(Team) Building Blocks
[Editor's Note: Recently, FundRaising Success Editorial Advisor F. Duke Haddad submitted a story intended to guide development department heads in the tricky process of finding the right people to build a successful fundraising team. It's a straightforward look at the special qualities required to really nail the duties of specific job titles.
It immediately reminded me of a blog post by global fundraising and management guru Bernard Ross that outlined roles that needed to be filled in any organization looking to cultivate change within its ranks to best optimize its fundraising efforts. Bernard is all about shaking up the status quo and not letting anyone, anywhere, get too comfortable. In the ever-changing and challenging landscape that is fundraising today, keeping things fresh is as important a goal as raising specific amounts of money — only not as easily defined.
Because they highlighted the important building blocks in the process of creating a vibrant, high-functioning team, the two stories seemed to be a good fit. — Margaret Battistelli Gardner]
Building Your Fundraising Team
Whether you’re new to a development leadership role or a seasoned executive, you must consider personnel issues. Much like a football coach who takes over a team, think about each part of the organization and how the pieces fit together. A fundraising coach knows that success depends on a total team concept. Each fundraising organization has elements of governance through its board of directors and administration with executive leadership and staff. These various individuals must execute strategic and operational plans for success to occur.
Directing a fundraising team is difficult because, in many cases, staff stability is an unknown. According to a survey by the Association of Fundraising Professionals, the average tenure for a development officer is 18 months, and his or her median salary is upward of $60,000. Many organizations find they cannot afford that payroll expense. At the same time, an individual needs at least one year to completely understand the organization’s history, culture, and key internal and external players. A leader needs time to evaluate the staff makeup to seek a blend of experience, diversity, skills and personalities.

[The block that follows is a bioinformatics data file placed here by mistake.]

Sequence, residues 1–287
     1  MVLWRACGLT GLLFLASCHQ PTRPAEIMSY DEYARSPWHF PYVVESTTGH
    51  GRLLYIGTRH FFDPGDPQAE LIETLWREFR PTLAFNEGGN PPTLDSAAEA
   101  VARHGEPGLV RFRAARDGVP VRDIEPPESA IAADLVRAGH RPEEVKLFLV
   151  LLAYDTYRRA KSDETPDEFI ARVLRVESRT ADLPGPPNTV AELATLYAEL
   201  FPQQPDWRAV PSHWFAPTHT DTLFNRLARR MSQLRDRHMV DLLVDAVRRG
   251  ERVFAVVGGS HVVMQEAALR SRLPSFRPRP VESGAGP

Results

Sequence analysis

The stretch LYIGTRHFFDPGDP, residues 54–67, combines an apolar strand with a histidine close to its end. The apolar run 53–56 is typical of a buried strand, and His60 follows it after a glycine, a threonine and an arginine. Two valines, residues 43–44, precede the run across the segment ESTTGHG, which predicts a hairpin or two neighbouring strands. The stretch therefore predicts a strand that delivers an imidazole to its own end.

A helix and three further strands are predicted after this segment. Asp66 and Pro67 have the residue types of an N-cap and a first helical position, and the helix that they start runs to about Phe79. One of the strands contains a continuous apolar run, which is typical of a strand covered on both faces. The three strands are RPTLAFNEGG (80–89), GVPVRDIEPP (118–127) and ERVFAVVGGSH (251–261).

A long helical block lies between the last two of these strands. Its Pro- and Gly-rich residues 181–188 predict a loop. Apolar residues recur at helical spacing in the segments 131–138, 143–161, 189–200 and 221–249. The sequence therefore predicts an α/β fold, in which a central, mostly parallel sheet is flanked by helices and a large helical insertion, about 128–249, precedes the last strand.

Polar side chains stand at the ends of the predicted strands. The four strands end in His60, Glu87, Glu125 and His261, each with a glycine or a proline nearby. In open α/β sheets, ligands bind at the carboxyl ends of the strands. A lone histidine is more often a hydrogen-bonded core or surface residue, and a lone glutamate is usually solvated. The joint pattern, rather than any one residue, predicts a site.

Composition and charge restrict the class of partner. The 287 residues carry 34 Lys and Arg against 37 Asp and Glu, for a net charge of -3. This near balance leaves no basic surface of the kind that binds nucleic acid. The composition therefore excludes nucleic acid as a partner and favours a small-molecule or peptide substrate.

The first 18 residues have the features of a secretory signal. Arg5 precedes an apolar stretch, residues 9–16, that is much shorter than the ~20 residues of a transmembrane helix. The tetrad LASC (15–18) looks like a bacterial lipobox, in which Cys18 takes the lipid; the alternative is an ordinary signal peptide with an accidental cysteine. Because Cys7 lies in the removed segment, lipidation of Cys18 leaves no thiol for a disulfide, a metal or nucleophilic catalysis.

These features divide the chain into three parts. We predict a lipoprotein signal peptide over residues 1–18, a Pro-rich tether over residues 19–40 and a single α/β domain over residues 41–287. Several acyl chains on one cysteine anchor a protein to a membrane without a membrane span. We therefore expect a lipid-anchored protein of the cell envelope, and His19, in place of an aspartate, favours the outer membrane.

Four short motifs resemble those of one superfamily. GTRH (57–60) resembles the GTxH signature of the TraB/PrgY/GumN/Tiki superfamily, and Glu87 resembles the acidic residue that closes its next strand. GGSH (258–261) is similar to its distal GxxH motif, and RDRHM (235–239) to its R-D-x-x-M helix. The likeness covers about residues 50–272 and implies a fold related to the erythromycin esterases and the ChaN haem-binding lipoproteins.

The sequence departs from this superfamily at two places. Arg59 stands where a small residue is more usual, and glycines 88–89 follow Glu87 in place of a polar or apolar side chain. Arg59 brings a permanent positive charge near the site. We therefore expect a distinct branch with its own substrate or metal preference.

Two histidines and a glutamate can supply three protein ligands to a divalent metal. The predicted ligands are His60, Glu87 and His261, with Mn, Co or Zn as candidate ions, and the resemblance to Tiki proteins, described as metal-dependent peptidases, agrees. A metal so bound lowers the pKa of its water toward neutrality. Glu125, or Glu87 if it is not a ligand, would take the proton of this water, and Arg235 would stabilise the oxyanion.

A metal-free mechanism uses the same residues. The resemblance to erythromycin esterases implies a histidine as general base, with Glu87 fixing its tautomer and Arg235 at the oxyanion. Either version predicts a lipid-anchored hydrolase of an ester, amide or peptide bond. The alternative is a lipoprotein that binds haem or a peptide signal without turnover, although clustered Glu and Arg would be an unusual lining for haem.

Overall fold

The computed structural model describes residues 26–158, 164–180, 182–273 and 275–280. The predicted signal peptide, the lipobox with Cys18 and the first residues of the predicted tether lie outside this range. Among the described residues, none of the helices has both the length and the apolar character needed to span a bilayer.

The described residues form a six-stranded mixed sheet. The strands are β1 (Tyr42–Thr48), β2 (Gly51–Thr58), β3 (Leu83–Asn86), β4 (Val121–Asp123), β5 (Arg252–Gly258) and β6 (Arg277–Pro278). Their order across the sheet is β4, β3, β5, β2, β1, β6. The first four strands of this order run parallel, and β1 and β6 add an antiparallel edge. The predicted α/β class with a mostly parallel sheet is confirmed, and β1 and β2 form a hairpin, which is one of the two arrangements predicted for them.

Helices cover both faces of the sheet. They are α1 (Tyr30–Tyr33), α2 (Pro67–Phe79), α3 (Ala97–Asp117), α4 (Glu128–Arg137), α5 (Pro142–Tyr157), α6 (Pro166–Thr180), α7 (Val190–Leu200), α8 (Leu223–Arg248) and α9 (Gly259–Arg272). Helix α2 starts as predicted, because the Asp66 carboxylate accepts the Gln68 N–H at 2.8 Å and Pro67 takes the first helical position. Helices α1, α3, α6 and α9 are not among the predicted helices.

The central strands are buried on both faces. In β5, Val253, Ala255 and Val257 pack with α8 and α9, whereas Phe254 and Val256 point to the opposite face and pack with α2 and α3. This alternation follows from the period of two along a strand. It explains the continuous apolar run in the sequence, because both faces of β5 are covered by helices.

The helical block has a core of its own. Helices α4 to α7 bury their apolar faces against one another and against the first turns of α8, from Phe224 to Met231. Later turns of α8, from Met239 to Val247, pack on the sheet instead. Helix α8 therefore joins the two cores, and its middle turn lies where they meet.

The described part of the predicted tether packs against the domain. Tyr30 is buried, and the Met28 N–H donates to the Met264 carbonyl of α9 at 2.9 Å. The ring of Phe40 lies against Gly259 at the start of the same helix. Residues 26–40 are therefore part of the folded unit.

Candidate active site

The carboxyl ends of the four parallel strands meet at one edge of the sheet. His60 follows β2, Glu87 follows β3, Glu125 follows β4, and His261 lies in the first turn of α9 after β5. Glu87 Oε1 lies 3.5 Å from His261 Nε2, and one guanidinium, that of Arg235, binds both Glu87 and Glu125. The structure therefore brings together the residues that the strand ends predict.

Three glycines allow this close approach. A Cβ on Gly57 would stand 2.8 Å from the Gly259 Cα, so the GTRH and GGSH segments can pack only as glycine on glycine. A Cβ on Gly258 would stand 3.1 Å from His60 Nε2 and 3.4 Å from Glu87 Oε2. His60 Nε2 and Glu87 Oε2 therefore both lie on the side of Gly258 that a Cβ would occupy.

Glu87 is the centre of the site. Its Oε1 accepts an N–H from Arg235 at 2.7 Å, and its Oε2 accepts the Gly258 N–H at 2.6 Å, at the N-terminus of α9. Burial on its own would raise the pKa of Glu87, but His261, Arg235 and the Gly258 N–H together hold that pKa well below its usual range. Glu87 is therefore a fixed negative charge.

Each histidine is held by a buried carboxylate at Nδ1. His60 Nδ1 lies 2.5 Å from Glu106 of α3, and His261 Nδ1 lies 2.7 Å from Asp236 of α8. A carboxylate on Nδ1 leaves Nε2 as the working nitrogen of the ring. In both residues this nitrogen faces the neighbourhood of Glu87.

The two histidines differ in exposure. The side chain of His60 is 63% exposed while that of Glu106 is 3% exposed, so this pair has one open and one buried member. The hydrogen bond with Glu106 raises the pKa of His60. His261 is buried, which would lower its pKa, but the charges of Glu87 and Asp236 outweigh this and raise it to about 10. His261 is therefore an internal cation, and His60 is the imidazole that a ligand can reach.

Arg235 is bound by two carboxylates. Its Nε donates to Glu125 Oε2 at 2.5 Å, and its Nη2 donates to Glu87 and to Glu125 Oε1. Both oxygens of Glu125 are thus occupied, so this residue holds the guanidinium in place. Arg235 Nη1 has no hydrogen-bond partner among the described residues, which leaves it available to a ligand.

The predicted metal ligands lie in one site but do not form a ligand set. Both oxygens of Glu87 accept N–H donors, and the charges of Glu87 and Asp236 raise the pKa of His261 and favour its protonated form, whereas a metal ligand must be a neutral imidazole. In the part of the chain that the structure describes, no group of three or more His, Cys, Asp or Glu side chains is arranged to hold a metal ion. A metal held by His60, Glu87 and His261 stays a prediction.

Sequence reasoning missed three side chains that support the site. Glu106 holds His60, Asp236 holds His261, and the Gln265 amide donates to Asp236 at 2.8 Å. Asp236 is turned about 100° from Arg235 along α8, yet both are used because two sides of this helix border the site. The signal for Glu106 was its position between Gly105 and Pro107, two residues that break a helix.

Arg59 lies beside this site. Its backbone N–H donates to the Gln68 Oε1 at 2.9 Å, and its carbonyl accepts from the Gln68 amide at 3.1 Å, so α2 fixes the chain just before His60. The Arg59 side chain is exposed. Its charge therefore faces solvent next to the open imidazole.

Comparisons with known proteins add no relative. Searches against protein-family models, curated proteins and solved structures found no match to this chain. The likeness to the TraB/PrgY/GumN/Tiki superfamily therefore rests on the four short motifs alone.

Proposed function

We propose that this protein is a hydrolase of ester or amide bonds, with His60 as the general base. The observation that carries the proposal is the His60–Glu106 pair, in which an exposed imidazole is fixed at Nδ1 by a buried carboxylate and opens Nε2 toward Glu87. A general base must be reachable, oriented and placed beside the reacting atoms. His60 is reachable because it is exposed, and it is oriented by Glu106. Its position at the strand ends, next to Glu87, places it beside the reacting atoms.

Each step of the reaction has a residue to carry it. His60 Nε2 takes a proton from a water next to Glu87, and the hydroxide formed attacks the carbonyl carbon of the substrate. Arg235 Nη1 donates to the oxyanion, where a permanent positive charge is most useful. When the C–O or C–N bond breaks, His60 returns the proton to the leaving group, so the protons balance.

Duke Haddad, Ed.D., CFRE, is currently associate director of development, director of capital campaigns and director of corporate development for The Salvation Army Indiana Division in Indianapolis. He also serves as president of Duke Haddad and Associates LLC and is a freelance instructor for Nonprofit Web Advisor.
He has been a contributing author to NonProfit PRO since 2008.
He received his doctorate degree from West Virginia University with an emphasis on education administration plus a dissertation on donor characteristics. He received a master’s degree from Marshall University with an emphasis on public administration plus a thesis on annual fund analysis. He secured a bachelor’s degree (cum laude) with an emphasis on marketing/management. He has done post graduate work at the University of Louisville.
Duke has received the Fundraising Executive of the Year Award, from the Association of Fundraising Professionals Indiana Chapter. He also was given the Outstanding West Virginian Award, Kentucky Colonel Award and Sagamore of the Wabash Award from the governors of West Virginia, Kentucky and Indiana, respectively, for his many career contributions in the field of philanthropy. He has maintained a Certified Fund Raising Executive (CFRE) designation for three decades.